No one cares about midterm elections

Josh Curtis, Contributing Writer

“If a nation expects to be ignorant and free in a state of civilization, it expects what never was and never will be.”  Thomas Jefferson’s words in a 1816 letter to Charles Yancey ring true today as they did during the early American republic.  It is because of this sentiment that support for public education grew to be so powerful.  Horace Mann, father of the American public school system, believed that secular, public schools were key to upholding the virtues of a republic in its citizens, and he advocated for this throughout his tenure as a public figure in Massachusetts politics.  That spirit has formed the trajectory of American schooling—to teach children to be well-enough informed that they might successfully protect their nation’s democratic institutions against forces of either tyranny or anarchy. 200 years later, how do we score?

While most students will cringe at the idea of the dreaded mid-year tests when one mentions “the midterms,” I will instead cringe at the idea of the ignored midterm elections.  This might be excusable in a school of mostly non-voting age citizens, except for the fact that the trends among young people who can vote uphold these abysmal participation rates: 21.5% of eligible voters aged 18-29 actually voted in 2014, and 20.9% in 2010.  When I talk to students, it often seems like they could care less about elections—on Election Day, I doubt that the fate of the country is on many people’s minds.

“I think most students know little to nothing about midterm elections,” said senior Jared Hirshfield.   “Many students feel as if they have nothing to do with politics, but they can and will be affected by policy changes. For example, after college, many will be employed and will have to pay taxes.”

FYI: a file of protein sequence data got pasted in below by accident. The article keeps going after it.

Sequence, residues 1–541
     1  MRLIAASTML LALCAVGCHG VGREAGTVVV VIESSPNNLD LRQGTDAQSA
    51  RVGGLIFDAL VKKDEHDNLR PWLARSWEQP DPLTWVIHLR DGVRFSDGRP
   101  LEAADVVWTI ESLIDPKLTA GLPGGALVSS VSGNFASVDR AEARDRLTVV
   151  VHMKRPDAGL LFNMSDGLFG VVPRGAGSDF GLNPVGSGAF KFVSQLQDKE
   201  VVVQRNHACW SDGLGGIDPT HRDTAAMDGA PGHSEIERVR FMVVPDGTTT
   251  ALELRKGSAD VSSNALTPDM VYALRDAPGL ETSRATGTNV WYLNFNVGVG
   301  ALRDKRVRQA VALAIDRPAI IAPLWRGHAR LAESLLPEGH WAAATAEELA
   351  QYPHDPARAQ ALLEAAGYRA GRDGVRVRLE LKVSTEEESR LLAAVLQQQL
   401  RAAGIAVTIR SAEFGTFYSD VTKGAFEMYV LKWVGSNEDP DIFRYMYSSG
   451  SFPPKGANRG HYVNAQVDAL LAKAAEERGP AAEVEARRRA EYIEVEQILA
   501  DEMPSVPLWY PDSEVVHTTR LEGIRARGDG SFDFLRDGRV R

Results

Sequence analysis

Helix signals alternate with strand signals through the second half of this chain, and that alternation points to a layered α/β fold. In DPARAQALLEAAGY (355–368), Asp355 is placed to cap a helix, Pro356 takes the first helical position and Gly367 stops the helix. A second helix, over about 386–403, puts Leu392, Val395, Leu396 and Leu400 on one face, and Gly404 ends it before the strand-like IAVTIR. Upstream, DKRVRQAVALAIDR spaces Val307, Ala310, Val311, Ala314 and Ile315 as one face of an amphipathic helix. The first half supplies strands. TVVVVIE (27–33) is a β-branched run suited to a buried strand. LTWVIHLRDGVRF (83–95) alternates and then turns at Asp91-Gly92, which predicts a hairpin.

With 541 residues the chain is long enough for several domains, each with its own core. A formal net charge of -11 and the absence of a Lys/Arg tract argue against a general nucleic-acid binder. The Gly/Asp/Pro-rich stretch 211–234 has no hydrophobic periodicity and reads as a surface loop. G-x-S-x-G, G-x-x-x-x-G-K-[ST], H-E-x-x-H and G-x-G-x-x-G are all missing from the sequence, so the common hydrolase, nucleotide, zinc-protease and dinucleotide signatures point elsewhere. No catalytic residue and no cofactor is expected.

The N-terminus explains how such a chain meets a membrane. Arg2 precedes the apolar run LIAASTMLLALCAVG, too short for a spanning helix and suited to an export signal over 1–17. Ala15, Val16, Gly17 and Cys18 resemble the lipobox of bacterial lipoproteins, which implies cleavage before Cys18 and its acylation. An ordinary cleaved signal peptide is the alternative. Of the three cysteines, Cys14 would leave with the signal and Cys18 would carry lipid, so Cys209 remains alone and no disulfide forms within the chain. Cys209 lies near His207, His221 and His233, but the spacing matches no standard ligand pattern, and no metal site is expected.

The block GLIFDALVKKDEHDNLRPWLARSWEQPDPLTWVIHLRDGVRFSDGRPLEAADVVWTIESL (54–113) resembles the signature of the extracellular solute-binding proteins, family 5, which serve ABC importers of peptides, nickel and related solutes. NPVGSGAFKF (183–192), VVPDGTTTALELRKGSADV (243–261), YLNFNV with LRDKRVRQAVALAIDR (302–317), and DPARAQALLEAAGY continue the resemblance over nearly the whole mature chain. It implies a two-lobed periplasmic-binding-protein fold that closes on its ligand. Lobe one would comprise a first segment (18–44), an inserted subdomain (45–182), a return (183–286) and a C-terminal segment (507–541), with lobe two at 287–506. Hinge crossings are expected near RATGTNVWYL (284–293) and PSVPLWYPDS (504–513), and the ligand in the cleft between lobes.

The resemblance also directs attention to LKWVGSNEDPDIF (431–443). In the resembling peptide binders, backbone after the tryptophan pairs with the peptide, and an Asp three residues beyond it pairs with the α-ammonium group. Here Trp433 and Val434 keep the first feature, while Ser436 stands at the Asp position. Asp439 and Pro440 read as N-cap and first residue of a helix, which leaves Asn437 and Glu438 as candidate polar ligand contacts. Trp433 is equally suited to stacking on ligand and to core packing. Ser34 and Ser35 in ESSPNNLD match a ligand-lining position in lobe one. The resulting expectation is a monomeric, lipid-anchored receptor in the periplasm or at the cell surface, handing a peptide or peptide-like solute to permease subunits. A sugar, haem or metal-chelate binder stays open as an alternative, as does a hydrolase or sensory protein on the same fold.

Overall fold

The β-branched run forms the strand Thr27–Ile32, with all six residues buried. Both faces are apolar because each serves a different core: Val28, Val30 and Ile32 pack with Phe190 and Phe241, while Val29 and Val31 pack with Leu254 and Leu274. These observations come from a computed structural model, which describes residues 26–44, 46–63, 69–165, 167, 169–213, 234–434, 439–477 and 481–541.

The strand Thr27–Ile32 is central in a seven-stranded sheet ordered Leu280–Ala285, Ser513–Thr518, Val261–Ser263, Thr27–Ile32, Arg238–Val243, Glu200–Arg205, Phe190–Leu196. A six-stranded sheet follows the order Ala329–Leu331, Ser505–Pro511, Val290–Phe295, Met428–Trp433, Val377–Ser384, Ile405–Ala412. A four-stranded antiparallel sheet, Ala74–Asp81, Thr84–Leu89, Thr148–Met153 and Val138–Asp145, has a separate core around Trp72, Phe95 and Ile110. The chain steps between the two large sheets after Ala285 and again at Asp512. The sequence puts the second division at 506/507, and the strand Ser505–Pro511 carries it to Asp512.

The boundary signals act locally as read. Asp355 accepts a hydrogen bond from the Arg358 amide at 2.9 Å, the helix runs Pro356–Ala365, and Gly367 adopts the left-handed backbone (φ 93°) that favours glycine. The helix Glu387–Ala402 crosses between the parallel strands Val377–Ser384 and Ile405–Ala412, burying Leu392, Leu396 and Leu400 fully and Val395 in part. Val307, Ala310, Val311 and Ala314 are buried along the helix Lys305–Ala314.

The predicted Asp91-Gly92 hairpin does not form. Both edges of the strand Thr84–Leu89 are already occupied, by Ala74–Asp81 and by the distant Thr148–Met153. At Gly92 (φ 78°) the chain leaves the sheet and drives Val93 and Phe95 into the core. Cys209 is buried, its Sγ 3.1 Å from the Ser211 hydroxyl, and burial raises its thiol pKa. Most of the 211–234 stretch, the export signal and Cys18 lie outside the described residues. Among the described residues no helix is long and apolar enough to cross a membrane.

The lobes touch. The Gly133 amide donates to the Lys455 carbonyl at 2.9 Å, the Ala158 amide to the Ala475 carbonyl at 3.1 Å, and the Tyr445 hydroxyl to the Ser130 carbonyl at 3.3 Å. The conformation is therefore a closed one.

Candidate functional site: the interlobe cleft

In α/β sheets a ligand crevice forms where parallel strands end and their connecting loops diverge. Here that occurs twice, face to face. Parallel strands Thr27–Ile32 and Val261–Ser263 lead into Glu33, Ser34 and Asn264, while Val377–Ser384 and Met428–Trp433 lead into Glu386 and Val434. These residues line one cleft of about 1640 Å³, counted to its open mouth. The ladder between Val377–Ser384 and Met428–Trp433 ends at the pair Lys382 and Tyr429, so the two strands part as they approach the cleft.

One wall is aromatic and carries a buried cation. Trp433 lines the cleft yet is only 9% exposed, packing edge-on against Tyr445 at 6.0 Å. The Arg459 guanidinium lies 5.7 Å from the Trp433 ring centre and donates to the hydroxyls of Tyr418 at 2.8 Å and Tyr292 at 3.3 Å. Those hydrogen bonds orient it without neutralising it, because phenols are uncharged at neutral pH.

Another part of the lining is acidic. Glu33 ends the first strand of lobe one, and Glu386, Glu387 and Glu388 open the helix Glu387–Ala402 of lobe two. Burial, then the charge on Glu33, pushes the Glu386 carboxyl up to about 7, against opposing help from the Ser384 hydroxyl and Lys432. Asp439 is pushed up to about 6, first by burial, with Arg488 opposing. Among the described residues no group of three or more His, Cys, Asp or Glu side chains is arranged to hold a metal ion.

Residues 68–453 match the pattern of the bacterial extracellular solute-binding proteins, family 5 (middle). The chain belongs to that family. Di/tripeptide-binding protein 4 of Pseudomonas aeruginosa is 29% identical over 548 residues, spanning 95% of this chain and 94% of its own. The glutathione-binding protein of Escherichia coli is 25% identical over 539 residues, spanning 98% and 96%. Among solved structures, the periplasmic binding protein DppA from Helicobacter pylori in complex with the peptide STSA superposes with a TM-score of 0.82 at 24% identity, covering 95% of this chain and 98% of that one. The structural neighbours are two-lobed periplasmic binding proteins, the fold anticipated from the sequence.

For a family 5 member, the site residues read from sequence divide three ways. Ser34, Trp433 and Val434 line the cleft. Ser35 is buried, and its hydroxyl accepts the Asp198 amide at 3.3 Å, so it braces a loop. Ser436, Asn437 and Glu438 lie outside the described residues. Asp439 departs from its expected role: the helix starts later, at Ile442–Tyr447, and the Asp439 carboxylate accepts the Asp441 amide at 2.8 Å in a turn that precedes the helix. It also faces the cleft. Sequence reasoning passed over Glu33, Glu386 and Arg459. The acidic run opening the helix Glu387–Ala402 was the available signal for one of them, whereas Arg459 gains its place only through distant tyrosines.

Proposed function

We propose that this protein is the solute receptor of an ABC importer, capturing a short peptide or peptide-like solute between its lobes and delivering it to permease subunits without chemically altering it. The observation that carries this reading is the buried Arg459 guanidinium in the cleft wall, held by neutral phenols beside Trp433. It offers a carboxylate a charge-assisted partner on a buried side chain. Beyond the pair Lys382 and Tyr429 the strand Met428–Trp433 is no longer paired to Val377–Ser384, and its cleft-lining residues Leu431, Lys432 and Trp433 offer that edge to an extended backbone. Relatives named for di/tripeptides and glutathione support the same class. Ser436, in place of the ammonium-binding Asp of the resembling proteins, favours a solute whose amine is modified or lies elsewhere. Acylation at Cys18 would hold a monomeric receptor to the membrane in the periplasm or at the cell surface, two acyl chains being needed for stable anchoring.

Many bemoan that politicians are not attuned to the needs, concerns, or skills and assets that young people have.  But as Thomas Jefferson says, “I know no safe depositary of the ultimate powers of . . . society but the people themselves; and if we think them not enlightened enough to exercise their control with a wholesome discretion, the remedy is not to take it from them, but to inform their discretion by education.”  So I ask again, in this context: 200 years later, how do we score?

Our public education system needs revamping, and this failure to instill democratic values is just one more example to demonstrate that fact.  While many learn about government structures in classes, it is just another test to study for.  If the learning were more hands on, then the student body would be more engaged; plenty of local politicians offer internships, and Schreiber is one of the few schools in the area that does not send students to these.  Perhaps, the school should engage in more open discussions of local and national policy.  The school should encourage students to attend town board meetings about local policy matters, or to host seminars about local and national policy issues that may benefit not only the students of Schreiber, but also the community at large.  Thomas Jefferson would support, even promote, these.  Why shouldn’t we?